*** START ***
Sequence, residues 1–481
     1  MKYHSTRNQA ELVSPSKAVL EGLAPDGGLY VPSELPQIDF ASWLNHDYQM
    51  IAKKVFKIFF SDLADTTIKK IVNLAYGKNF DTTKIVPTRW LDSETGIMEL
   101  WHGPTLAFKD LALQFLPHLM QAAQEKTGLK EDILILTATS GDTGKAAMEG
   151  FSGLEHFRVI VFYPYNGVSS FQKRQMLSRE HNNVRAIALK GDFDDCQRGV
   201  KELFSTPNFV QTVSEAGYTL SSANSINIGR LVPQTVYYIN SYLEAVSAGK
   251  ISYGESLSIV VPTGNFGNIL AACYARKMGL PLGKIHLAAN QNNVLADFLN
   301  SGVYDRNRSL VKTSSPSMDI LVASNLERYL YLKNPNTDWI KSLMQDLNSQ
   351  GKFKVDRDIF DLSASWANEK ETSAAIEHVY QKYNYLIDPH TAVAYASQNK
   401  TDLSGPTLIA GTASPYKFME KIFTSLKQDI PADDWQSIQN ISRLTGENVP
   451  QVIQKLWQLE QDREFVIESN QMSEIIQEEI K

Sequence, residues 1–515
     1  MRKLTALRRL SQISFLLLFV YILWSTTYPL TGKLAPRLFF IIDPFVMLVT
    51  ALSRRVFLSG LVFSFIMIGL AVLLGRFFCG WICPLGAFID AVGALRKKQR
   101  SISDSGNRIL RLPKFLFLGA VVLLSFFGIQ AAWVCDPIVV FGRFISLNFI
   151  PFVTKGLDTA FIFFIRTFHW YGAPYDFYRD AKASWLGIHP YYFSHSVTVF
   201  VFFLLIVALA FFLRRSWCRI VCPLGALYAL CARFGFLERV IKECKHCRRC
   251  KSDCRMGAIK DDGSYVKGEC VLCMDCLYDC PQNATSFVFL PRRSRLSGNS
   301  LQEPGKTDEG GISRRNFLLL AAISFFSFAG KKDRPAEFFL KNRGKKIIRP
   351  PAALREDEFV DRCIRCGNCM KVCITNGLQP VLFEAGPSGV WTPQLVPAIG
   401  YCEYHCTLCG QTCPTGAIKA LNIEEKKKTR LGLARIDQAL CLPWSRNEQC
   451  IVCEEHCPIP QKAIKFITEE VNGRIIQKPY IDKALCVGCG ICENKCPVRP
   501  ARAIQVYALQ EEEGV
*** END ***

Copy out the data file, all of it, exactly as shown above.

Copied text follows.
Sequence, residues 1–481
     1  MKYHSTRNQA ELVSPSKAVL EGLAPDGGLY VPSELPQIDF ASWLNHDYQM
    51  IAKKVFKIFF SDLADTTIKK IVNLAYGKNF DTTKIVPTRW LDSETGIMEL
   101  WHGPTLAFKD LALQFLPHLM QAAQEKTGLK EDILILTATS GDTGKAAMEG
   151  FSGLEHFRVI VFYPYNGVSS FQKRQMLSRE HNNVRAIALK GDFDDCQRGV
   201  KELFSTPNFV QTVSEAGYTL SSANSINIGR LVPQTVYYIN SYLEAVSAGK
   251  ISYGESLSIV VPTGNFGNIL AACYARKMGL PLGKIHLAAN QNNVLADFLN
   301  SGVYDRNRSL VKTSSPSMDI LVASNLERYL YLKNPNTDWI KSLMQDLNSQ
   351  GKFKVDRDIF DLSASWANEK ETSAAIEHVY QKYNYLIDPH TAVAYASQNK
   401  TDLSGPTLIA GTASPYKFME KIFTSLKQDI PADDWQSIQN ISRLTGENVP
   451  QVIQKLWQLE QDREFVIESN QMSEIIQEEI K

Sequence, residues 1–515
     1  MRKLTALRRL SQISFLLLFV YILWSTTYPL TGKLAPRLFF IIDPFVMLVT
    51  ALSRRVFLSG LVFSFIMIGL AVLLGRFFCG WICPLGAFID AVGALRKKQR
   101  SISDSGNRIL RLPKFLFLGA VVLLSFFGIQ AAWVCDPIVV FGRFISLNFI
   151  PFVTKGLDTA FIFFIRTFHW YGAPYDFYRD AKASWLGIHP YYFSHSVTVF
   201  VFFLLIVALA FFLRRSWCRI VCPLGALYAL CARFGFLERV IKECKHCRRC
   251  KSDCRMGAIK DDGSYVKGEC VLCMDCLYDC PQNATSFVFL PRRSRLSGNS
   301  LQEPGKTDEG GISRRNFLLL AAISFFSFAG KKDRPAEFFL KNRGKKIIRP
   351  PAALREDEFV DRCIRCGNCM KVCITNGLQP VLFEAGPSGV WTPQLVPAIG
   401  YCEYHCTLCG QTCPTGAIKA LNIEEKKKTR LGLARIDQAL CLPWSRNEQC
   451  IVCEEHCPIP QKAIKFITEE VNGRIIQKPY IDKALCVGCG ICENKCPVRP
   501  ARAIQVYALQ EEEGV